>And as Duncan is getting at, employment has changed a lot since the term was coined and there's now a lot more opportunity for jobs and work to be aligned with a person's personal goals.
I can agree, I am skeptical that this ...integratedness(?) is actually a good thing for everyone. From point of view of the old "work vs life" people who valued the life part, it probably looks like them losing if what they get is "your work is supposed to integral part of what you choose to do with your life" but the options of where and what kind of work to do are not that different than they were some decades ago. And even the new^1 options present trade-offs.
Maybe there are some people whose true calling is to found a startup or develop mastery in some particular technology stack or manage projects that create profit for stockholders. However, if the job market environment is shaped by it so that every job expects an applicant whose life goals are integrally aligned to performing the job, it plausibly affects what kind of goals people think are thinkable when they think of their life and careers, because it certainly affects how they present themselves to the hiring committee or people with equivalent power.
Another point, concerning integration of work in ones life. I found myself thinking of the movie Tokyo Story (Tokyo Monogatari, 1953), which I saw maybe two years ago. While the story is not exactly about jobs, it explores how the modernity (the contemporary, post-WW2, kind of modernity in particular) intersects with the Japanese society through the lenses of single Japanese family. The many characters in the film work various jobs: there is a son who is a physician (the kind of one who does visits and has a private practice), a daughter who is running a beauty saloon (a family business like setup; if the husband did something not affiliated with business, I forget what), and a daughter-in-law who is a menial clerk at a corporate business.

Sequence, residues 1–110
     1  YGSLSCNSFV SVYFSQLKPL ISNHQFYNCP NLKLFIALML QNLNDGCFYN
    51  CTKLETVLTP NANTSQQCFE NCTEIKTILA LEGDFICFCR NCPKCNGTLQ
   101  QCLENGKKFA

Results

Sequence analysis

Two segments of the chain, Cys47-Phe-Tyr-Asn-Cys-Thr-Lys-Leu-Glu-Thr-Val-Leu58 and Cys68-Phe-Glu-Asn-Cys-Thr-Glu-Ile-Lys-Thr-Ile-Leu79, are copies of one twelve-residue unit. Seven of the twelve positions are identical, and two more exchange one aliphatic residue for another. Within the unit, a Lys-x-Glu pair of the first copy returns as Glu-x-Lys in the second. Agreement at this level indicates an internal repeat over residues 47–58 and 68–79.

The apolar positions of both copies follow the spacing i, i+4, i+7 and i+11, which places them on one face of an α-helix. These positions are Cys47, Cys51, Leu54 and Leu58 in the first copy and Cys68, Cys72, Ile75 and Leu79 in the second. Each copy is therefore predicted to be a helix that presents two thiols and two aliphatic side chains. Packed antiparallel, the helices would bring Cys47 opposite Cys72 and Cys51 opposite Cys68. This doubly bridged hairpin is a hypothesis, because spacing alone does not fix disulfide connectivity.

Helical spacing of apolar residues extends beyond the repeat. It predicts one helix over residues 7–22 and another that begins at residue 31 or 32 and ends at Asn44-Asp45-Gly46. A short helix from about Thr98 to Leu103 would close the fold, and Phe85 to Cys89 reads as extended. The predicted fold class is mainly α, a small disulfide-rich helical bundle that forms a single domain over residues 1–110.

The part where this musing connects to anything, while writing the first part of the comment, I started to think about, what are the personal goals of the physician and the beauty business owner? If I recall, both of them are the kind of person who wants to strive and get forward and upward in their life in Tokyo (this leads to the one of conflicts in the film) and view their jobs integral to that goal. Their jobs are quite integrated to their life in concrete terms, both practice at their homes. Both kind of professions predate the work-life balance, probably. One could replace the beauty saloon with something a bit more traditional, like a restaurant or inn without much difference to their relevance to story, at the very least. The character with clearest difference between time off and time in work is the office clerk. Which actually connects to another plot point. I recommend the movie.
Maybe the big difference comes implied in the "good for the world in ways I care about" angle There is no crusader or activist, someone who seeks to make change in the world instead of making it well within it. Today the doctor would be likely to emphasize how he wants to help people by being a good doctor, the family business would have a thing (natural beauty products that help the environment, powered by solar!), and the big corp would have mission, too. The owner of the corp, several echelons above, might be even serious about it. Nobody goes to found a start-up.
So, I guess my point is that there always have been people who don't view their work and non-work lives a fundamentally different kind of thing.
1: The newness might be debatable, though. I don't think starting a technology business because you have skills and ideas is something truly new in the US, I think both Edison and Tesla tried their hands at it and I have read Tesla's interviews which indicate he thought it was for the betterment of mankind? It would have been with the spirit of the times.
>The Church of England still has bishops that vote in the house of lords.